Its difficult to say why this film didn’t work. It could have been too many cooks in the kitchen. The release date was pushed by nearly a year for re-shoots, and re-doing visual effects – much to the chagrin of all the hundreds of artists working at predominantly Digital Domain and MPC who were on 15-hr days, 7 days a week trying to make the FIRST deadline, only to have the studio say, “Oh, sorry, you know that finish line? We’ve moved it… BUT KEEP RUNNING!” So, I can only guess that the studio didn’t like the first cut, or it tested poorly, so they asked for changes. This process, when done improperly and haphazardly, causes the majority of watered down movies that are so worried about catering to the largest demographic that they end up being neither terribly good nor terribly bad — just a waste of time.
In this retelling of Jack and the Beanstalk (duh), we are hurtled into the story with Jack as a little boy being read a fairy tale (animated by Prologue Films) about how the giants came down from the sky and took treasures and ate people, but, due to a magical crown, the King was able to banish the giants back to their land. I’m a little foggy on the details. I was already kind bored because the rules and events were so complex and convoluted that it just became a mess. To compound the confusion, we cut back and forth between Jack and Princess Isabelle who are being read the same story. So, who is our hero? Should it be called Isabelle The Giant Slayer? Or Jack and Izzy Together Again? I’m guessing its to instill that the two of them have the same hankering for adventure (Izzy hints to her mom that she has found the tomb of the Fairy Tale king in the catacombs).
Anyway, Jack’s mom has died somehow, but it never seems to really define who he is. Later on (arbitrarily 10 years later), he never says “Gee, I miss Mom” In fact, in those 10 years, he lost his dad too to some plague. He now lives with his Uncle who seems to be way too old and is not too happy to be taking care of flaky Jack. Again, there doesn’t seem to be too much mourning for Jack’s dead father either. Isabelle has also lost her mom, but not too troubled by it. I don’t recall any “Oh, your Mom died, too? Same here!! Let’s do things together!” I’m not saying there wasn’t. I could have just been entranced by my keys for a minute.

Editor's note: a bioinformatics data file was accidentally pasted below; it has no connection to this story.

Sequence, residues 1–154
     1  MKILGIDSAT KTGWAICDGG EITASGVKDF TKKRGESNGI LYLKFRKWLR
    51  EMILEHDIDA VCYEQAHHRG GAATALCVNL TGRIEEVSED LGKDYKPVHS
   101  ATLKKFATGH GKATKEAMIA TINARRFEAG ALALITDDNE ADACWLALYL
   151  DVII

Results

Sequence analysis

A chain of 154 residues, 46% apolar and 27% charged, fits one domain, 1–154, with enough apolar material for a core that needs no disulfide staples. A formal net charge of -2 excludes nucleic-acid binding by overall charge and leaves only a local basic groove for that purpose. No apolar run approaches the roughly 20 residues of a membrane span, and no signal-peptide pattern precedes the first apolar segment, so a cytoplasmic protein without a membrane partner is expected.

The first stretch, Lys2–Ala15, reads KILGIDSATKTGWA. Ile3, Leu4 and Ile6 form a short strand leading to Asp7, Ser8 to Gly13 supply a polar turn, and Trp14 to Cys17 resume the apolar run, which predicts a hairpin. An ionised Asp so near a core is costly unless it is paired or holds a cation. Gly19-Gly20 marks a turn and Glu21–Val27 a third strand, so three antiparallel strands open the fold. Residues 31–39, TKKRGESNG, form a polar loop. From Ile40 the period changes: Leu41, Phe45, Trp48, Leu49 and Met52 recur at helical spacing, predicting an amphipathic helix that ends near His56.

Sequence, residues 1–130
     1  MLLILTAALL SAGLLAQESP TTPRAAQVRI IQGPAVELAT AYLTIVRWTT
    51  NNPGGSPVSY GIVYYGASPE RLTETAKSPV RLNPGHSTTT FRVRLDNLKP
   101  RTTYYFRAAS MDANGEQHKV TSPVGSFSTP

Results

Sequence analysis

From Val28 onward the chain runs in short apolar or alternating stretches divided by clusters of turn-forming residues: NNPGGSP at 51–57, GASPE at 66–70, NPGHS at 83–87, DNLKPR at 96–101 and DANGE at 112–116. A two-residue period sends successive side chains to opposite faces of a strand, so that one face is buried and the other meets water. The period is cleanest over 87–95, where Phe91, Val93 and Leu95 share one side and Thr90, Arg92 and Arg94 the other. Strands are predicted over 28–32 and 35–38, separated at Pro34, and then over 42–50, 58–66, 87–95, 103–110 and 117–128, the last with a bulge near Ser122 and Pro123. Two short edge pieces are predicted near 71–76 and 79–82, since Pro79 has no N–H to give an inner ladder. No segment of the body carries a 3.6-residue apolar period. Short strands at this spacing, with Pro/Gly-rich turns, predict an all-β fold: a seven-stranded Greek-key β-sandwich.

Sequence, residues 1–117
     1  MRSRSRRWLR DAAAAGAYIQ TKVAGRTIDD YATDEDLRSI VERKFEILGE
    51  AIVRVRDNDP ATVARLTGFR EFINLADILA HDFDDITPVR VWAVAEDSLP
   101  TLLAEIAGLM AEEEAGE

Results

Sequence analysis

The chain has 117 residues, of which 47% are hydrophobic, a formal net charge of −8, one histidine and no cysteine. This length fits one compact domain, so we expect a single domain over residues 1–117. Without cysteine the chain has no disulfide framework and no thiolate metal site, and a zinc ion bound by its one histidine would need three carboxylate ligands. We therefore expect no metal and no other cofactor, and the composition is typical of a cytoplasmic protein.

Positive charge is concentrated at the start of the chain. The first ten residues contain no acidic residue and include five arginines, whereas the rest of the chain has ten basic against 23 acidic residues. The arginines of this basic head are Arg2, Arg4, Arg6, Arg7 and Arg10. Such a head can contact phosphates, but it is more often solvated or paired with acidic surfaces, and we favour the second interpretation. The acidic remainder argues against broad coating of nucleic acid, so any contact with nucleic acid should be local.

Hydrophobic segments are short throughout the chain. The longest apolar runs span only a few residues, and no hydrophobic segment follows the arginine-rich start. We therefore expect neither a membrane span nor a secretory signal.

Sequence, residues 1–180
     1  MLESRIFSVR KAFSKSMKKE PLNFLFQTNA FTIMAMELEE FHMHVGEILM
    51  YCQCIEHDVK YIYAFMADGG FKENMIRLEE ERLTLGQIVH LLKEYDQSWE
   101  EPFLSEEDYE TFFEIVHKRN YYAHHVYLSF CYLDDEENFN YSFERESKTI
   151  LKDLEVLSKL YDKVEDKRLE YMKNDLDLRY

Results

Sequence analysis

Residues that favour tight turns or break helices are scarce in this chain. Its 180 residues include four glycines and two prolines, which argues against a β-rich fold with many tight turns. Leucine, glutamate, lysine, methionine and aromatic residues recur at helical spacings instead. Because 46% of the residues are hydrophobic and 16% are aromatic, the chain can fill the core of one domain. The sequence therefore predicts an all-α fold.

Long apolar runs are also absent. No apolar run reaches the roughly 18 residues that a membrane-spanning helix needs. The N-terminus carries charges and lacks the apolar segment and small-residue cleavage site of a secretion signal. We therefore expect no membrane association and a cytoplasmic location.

Sticking with the original tale, Jack goes to market to sell a cart of stuff because they are poor. But, the original cow is switched for a horse (so Jack can ride later). No biggy. Jack goes into a carnival-like show where Warwick Davis hosts a retelling of the giants tale with grown people flinging around midgets (or “little people” for the more sensitive types) Regardless, they are being tossed — which totally wouldn’t be appropriate in this day and age. Jack looks over and sees Princess Jasmine, I mean Isabelle, incognito so that she can escape the confines of the horrible life of a Princess and be privy to the to classy entertainment of dwarf tossing. But, she is harassed by drunk ruffians who want her shiny bracelet. However, unlike Jasmine, who can take care of herself, Isabelle is pushed around, and Jack steps in with his high cheekbones to stop this nonsense. It would have been nice to plant the seed of his chivalry sooner — like when his dad was teaching him about giants and stuff. But, for the sake of argument, our almost feminine Jack is chivalrous. He is about to take these guys on when the cavalry shows up to rescue the Princess led by Elmont (of all names), played by Ewan McGregor’s haircut in shining armor. They take the Princess away, and Jack finds that his cart has been stolen…but the horse left behind(?)
In the meantime, we find Stanley Tucci with bad dentures playing Roderick (who is the “name” guy on this show? Maybe he likes Life of Brian) with comedy sidekick, Wicke (McGregor’s Trainspotting co-star Ewen Bremner). Roderick needed a long,thin, curly mustache that he could twist, because the first words out of his mouth might as well have been, “I’m the bad guy planning to marry the Princess and take over the Kingdom” They are going to some room in the castle, when a Monk comes stumbling out of said room all nervous and panicked. Our baddies think nothing of maybe stopping him, but instead look puzzled and race up the stairs to some cluttery room. There are desks, and drawings, and books, and plants. I thought this might have been the place that monks do things like copy Bibles or something else that would have justified a monk being in there. But there is no explanation. Instead Roderick finds that something has been removed from a hidee-hole inside a book. Gasp! But! Whew! A crown is still there, hidden inside the dirt of a potted plant. Quick!! Now that we didn’t grab that guy when we had the chance, alert the guards to stop any monks!! Wicke does so with evil sidekick giddiness. You see — the structural problem with this is that it takes away any possibility of a reveal. WHAT!? That guy was bad all along?!? We could have been strung along for a good while. I mean…we already HAVE bad guys. The Giants! They are in the title! Why do we need ANOTHER bad guy?